Just a few designers who helped shape the mid-century look that remains coveted today.
Let's face it, what happened in the 1960s set a standard some of us don't need to move away from. And a majority of people have caught up to us. Once, you could find midcentury furniture for dirt-cheap at a thrift store. Good luck with that today! (But you can settle for mid-century-inspired pieces from companies like West Elm and EQ3) Men are walking around in slim-tailored suits and women are walking around in bold, patterned dresses. "Retro"-soul acts like Sharon Jones and Charles Bradley are selling out venues. Television networks were scurrying for their own Mad Men-style shows based in the 1960s. (Anyone remember Pan-Am or The Playboy Club?)

Look, I'm all about moving forward and all that, but it's hard to move forward from a look that was done so well the first time around. Sure, we can add a twist here and there to put a check mark in the 'modern' box, but nothing beats a vintage, slim-fitting, tailored 3-button suit; nothing beats a mid-century Tulip Chair; and nothing but nothing beats a tender 1960s Otis Redding vocal.

I'm pretty comfortable with where I'm at, aesthetic-wise. I mix in vintage with some modern and I'm okay with that. I like a lot of contemporary things including clothes from Ted Baker (a little out of my price range, granted) and Thomas Pink. I even like some contemporary (probably non-Mod-approved) songs, like that new Justin Timberlake track (after the 0:45 mark, that is), which ain't half bad.

But I'm not scrambling to find something 'modern' for the sake of its 'modern'-ness. I don't care to have any tattoos etched into my skin, even though everyone and their moms are doing it today. I don't need to like the new Daft Punk CD just because it's modern music. And if I was a scooter guy, you better believe I'd be hunting down a classic, vintage bike instead of a modern one (can't beat that design!).

After all, like Dobie Gray once sang, 'the originals are still the greatest.'


  1. Another thing that keeps me going back to the sixties is the quality of the workmanship. Simply put, things were well-made and lasted.

    Take clothes for instance. The quality of the fabrics, the craftsmanship doesn't even compare with the mass-produced,short shelf life, cheap clothes we find today. I dare anybody to put a used 60s Ben Sherman side by side with a brand new Ben Sherman from this season's collection.

    Speaking of scooters, do you see a lot of Honda Spree's still roaming around? They sure were "modern" for their time, plus a Mod wouldn't be caught dead riding one. Scooters from the 60s can still be found quite easily and they were produced 20 years earlier. Why? Because they last. Just to further make my point, even today, a lot of scooterist would rather use a genuine 60s used part to repair a Vespa or Lambretta rather then buying a new part made in China or India.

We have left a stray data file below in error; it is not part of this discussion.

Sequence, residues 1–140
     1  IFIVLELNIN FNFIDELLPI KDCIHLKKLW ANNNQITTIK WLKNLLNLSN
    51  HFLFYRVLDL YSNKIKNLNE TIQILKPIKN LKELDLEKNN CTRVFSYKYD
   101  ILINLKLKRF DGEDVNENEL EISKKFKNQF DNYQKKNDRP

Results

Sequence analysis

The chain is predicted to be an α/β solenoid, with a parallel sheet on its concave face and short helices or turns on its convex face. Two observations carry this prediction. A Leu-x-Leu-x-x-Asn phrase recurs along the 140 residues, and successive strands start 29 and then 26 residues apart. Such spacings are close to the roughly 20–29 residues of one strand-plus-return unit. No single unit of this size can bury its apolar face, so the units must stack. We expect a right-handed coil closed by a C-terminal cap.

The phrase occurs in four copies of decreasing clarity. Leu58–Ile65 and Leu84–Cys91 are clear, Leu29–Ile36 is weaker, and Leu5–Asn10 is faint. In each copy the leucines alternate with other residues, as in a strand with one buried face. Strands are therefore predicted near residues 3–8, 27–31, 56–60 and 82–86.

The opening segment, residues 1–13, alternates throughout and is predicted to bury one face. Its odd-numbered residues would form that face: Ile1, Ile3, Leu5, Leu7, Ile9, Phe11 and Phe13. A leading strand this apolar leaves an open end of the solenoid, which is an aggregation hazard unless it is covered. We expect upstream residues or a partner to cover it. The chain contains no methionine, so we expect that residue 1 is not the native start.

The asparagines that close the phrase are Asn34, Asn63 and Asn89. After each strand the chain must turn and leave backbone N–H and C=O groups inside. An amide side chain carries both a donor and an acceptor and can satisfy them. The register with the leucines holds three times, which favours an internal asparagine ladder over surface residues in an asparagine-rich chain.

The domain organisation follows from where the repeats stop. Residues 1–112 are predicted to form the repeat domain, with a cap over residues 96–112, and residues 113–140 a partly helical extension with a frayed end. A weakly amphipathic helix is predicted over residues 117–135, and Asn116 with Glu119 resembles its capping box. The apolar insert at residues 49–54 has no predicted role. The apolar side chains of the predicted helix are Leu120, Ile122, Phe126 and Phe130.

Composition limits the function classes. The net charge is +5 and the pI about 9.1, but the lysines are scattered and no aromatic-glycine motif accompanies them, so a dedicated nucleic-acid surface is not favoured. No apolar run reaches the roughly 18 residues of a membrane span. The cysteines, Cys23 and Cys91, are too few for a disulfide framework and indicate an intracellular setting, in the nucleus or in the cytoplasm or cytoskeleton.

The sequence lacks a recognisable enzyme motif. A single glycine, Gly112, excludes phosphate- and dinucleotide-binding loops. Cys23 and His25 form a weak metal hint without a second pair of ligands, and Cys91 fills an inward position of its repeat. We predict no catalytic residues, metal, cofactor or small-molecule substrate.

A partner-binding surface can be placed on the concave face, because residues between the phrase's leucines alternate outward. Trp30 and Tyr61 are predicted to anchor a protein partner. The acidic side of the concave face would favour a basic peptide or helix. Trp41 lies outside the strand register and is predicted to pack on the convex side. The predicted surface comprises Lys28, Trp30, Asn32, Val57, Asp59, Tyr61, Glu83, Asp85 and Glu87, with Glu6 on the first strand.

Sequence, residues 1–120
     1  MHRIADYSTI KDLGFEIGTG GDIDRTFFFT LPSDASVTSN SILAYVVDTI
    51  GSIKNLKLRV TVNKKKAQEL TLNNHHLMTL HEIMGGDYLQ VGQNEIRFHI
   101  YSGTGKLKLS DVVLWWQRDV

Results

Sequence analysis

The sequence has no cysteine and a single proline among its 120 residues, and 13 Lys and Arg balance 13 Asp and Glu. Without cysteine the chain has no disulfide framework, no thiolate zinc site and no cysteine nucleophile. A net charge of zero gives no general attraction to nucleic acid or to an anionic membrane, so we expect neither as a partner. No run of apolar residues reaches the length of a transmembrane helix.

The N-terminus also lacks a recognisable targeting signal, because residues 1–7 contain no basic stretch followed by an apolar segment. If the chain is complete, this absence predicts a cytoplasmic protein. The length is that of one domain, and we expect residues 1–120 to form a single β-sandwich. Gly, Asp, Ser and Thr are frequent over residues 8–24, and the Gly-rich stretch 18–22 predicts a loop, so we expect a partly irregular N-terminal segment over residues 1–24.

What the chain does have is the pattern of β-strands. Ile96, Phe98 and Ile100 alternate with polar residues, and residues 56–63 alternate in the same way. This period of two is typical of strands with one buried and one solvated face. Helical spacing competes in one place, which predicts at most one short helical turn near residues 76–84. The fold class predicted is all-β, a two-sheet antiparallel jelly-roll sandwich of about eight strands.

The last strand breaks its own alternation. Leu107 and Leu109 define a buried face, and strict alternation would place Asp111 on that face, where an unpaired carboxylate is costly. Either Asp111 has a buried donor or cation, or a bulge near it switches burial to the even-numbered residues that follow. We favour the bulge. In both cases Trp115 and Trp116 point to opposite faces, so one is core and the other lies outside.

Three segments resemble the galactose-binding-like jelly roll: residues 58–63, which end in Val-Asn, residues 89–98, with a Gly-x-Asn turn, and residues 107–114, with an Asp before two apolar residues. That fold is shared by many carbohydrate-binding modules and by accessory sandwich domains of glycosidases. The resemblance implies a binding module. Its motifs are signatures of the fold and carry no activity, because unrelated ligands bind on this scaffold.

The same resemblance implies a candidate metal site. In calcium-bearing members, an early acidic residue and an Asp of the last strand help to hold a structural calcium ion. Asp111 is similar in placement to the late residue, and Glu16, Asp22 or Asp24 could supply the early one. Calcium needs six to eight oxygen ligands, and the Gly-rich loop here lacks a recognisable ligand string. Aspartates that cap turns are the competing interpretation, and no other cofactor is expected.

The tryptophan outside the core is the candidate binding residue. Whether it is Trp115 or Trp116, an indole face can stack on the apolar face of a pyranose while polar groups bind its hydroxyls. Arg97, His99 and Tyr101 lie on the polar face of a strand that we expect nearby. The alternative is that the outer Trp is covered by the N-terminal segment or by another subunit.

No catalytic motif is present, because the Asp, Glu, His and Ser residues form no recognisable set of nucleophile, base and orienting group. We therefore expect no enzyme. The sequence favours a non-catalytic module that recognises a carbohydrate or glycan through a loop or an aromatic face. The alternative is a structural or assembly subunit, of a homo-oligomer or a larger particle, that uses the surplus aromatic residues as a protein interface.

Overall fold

Quality is something a lot of the Modern World has lost sight of these days.

    1. I wholeheartedly agree with you.

    2. You're right about that. You still just can't beat that quality or the attention to detail given to clothes from that period. Whenever I find a vintage piece, there's always some detail that separates it from the rest of the items in the closet.

  2. One of your best posts, well said my friend.

  3. There is nothing to defend. I've heard it too: "You can't help but be influenced by experiences." Yes, there have been significant movements since then. Technology, our environment and the economy affects us, but artistically, we choose our influences.
    "Modern" is just a term, often misused. So is "retro". I just cringed typing that. Can we kill that word? There is simply no denying the wave of influence of the era known as the 60s were powerful because what it inspired, and we still feel it today. There is a fallacy that being so into the 60s ignoring other eras is "closed minded" because all eras have equal cultural validity, if we divide up the decades, like the 70s, 80s, etc. The people who accuse others of being closed minded for doing so, don't realize their own limited perspective. It's not about purposely looking back nor about ignoring what has happened since. If you are doing it now, then it is about now.

    1. Dang! I almost want to copy your comment, delete it, and then re-post it in this blog post!!

      Very, very well-said.

  4. Great, well-reasoned post. I just found your blog while drafting something up on The Style Council for my blog, I also linked your site to mine under Blogs I'll Cocktail With. Hope you don't mind.

    Keep up the good writing!

    1. I'm taking a look at your blog now and adding it to my feed. Great stuff!

  5. Totally agree. Mostly. Until the Timberlake comment. It's a good thing he's funny.

    Keep up the good work on the blog!

    1. Hey man, just take it on down to Omeletteville.

  6. This is my First visit to your blog, and I'm already quite impressed!
    It's like you'd got inside my head, stole my thoughts and typed them up here... Thank you very much for this article, absolutely agreed with you!
    I'll definitely follow you via Email...
    Cheers from Argentina!

    1. Awesome! Thank you, Gisel!

      See, I knew I wasn't the only one thinking like this.